Running time: 135 min.
Release date: March 2, 1990
Tom Clancy's best-selling novel The Hunt for Red October gets the big screen treatment, with director John McTiernan at the helm. Prior to this film, McTiernan was known for such muscle-bound action films such as Predator and Die Hard. McTiernan doesn't flex as much physical muscle here as he tries to rely more on technology and building suspense. For the most part, it works but it also relies on the performances of the central characters. The end result is a solid effort that suffers a little from over plotting.
Sean Connery plays Soviet submarine captain Marko Ramius, a lifer in the Russian navy. Our first glimpse of him comes in a close-up of his old, worn eyes. It's a cold, hard landscape according to Ramius, but he may be referring to the Cold War itself. He is commanding a new class of submarine that contains a type of drive that renders it undetectable to sonar. His orders are to conduct exercises with another Russian sub, but he and members of his crew have other plans. Political officer Ivan Putin (Peter Firth) is aboard, which complicates matters. Ramius quickly resolves those matters, however, and gives the crew false orders to make them think they are headed to the American coast to scare the Americans with missile drills. With Red October going rogue, nearly the entire Russian fleet takes off in pursuit.
Meanwhile, CIA analyst Jack Ryan (Alec Baldwin), briefs White House officials on the dealing of Ramius and Red October. The staff believe that they have a Russian madman on their hands, with the Russian fleet pursuing him. However, Ryan hypothesizes that Ramius may be trying to defect, based on a profile of Ramius and the fact that he once met the man at a dinner in Leningrad. Ryan is given the chance to prove his theory and he is sent out to sea to deal with it personally. Aboard the USS Dallas, sonar technician Jones (Courtney B. Vance) thinks he has discovered the location of the Red October. The Dallas is in pursuit, but not before picking up Jack Ryan along the way.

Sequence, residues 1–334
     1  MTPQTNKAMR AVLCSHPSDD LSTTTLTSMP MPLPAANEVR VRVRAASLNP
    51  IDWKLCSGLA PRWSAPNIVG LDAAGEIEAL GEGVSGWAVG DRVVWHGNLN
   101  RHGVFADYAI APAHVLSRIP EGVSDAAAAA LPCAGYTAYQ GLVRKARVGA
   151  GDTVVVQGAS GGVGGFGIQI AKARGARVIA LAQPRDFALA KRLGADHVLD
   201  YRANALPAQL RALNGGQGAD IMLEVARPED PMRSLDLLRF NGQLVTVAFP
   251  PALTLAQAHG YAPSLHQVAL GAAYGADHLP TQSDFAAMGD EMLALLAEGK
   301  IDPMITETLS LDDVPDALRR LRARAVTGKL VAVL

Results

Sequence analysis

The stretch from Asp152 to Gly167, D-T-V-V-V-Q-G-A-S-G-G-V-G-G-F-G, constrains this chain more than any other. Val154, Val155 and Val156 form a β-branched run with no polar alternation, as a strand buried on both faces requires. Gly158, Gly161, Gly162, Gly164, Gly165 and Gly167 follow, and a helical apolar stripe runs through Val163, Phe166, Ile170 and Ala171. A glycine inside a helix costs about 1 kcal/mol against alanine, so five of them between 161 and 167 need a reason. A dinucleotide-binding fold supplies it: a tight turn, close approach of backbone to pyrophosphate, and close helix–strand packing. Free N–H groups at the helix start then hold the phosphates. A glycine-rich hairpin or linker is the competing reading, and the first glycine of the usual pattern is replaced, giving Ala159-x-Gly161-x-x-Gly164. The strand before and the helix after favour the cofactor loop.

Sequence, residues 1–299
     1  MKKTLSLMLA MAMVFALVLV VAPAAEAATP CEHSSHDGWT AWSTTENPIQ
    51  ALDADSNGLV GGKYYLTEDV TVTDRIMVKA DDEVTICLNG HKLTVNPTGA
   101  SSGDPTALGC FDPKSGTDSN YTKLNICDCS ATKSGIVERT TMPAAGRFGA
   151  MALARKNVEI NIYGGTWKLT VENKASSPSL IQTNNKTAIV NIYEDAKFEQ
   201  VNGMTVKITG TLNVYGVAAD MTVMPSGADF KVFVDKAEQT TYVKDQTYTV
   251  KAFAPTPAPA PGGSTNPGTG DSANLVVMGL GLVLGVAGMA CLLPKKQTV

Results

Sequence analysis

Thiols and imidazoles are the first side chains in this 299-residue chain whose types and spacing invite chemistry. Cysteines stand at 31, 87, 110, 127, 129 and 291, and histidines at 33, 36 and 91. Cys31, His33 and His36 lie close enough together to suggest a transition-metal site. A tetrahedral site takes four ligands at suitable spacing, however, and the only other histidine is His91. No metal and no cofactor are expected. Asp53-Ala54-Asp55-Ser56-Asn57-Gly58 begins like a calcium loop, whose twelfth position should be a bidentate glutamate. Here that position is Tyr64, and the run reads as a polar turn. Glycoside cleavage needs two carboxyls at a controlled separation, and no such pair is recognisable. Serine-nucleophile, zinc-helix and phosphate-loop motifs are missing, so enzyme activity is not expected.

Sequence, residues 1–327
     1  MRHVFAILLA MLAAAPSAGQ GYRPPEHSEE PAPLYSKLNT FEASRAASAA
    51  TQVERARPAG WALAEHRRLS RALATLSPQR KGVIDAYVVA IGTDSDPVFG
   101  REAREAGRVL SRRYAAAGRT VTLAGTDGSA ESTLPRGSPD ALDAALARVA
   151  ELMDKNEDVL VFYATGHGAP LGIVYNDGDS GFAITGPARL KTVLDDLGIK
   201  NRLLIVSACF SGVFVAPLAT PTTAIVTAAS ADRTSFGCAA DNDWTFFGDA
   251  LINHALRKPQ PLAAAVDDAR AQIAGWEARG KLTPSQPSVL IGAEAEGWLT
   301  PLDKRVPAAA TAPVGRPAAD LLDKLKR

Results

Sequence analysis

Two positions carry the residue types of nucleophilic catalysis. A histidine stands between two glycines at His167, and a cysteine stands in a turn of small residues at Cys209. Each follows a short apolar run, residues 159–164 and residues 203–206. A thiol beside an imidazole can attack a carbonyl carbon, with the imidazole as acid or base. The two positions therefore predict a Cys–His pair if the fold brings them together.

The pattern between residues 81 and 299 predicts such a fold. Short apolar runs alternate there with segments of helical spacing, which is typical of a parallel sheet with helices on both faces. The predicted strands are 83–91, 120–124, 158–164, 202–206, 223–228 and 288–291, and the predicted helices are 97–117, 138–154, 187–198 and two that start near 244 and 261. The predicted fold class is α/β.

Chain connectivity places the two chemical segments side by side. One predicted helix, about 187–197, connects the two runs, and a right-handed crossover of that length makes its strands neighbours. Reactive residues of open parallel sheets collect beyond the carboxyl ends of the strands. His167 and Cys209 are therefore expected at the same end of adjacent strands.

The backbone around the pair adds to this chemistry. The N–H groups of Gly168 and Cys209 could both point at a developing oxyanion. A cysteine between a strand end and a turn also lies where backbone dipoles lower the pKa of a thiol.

With both Russian and American ships in pursuit of Ramius, and the dangers posed by the abilities of the new submarine, the tension is built up very quickly. The Americans are worried that a rogue maniac is about to attack their country, while the Russians know his true intentions and are willing to do whatever it takes to stop him. This leaves the task up to Ryan to convince everyone that his theory is correct. The only issue is finding Ramius in time before something goes wrong. The plot set-up is simple with Baldwin actually dialing down his usual performance to play a low-key analyst thrust in the middle of all this intrigue. Connery, as Ramius, is stoic and certainly comes across as a man who tires of the gamesmanship he has taken part in. The respective performance of these two actors is really the central focus of the film. Another key performance was Scott Glenn as Dallas captain Bart Mancuso.
From a production standpoint, the sub interiors were claustrophobic and aided the tension of the plot. The interior shots are quite impressive with the electronic gadgets. The film doesn't really provide an idea of hos just how big the interior of the Red October is, but that's because the plot doesn't really dictate that we need to know. There is one shot near the beginning, as Connery and crew are at the top of the sub looking out to sea, that we see the enormity of the exterior. The underwater battle scenes are done very efficiently, but there are doubts as to the believability of the sub movements.
The plot begins simply enough, but then it adds some extra details that bog the story down somewhat, like a saboteur on board, and an overly elaborate plan to get the crew of the Red October off the sub so that Ramius and his true plans can come to fruition. Then things devolve into a shoot-out which has been done in countless movies, and certainly was not needed to add any further intrigue to this plot.
The Hunt for Red October is a very good film with solid professional performances from all cast members. It features some smart technical realism and great use of production values. The screenplay by Larry Ferguson and Donald E. Stewart is filled with naval and political jargon that sounds legitimate, however the plot (book and film) is overloaded and adds unnecessary gunplay to the festivities. It is a testament to John McTiernan that he was able to convey the real dread that both sides feel about the Cold War.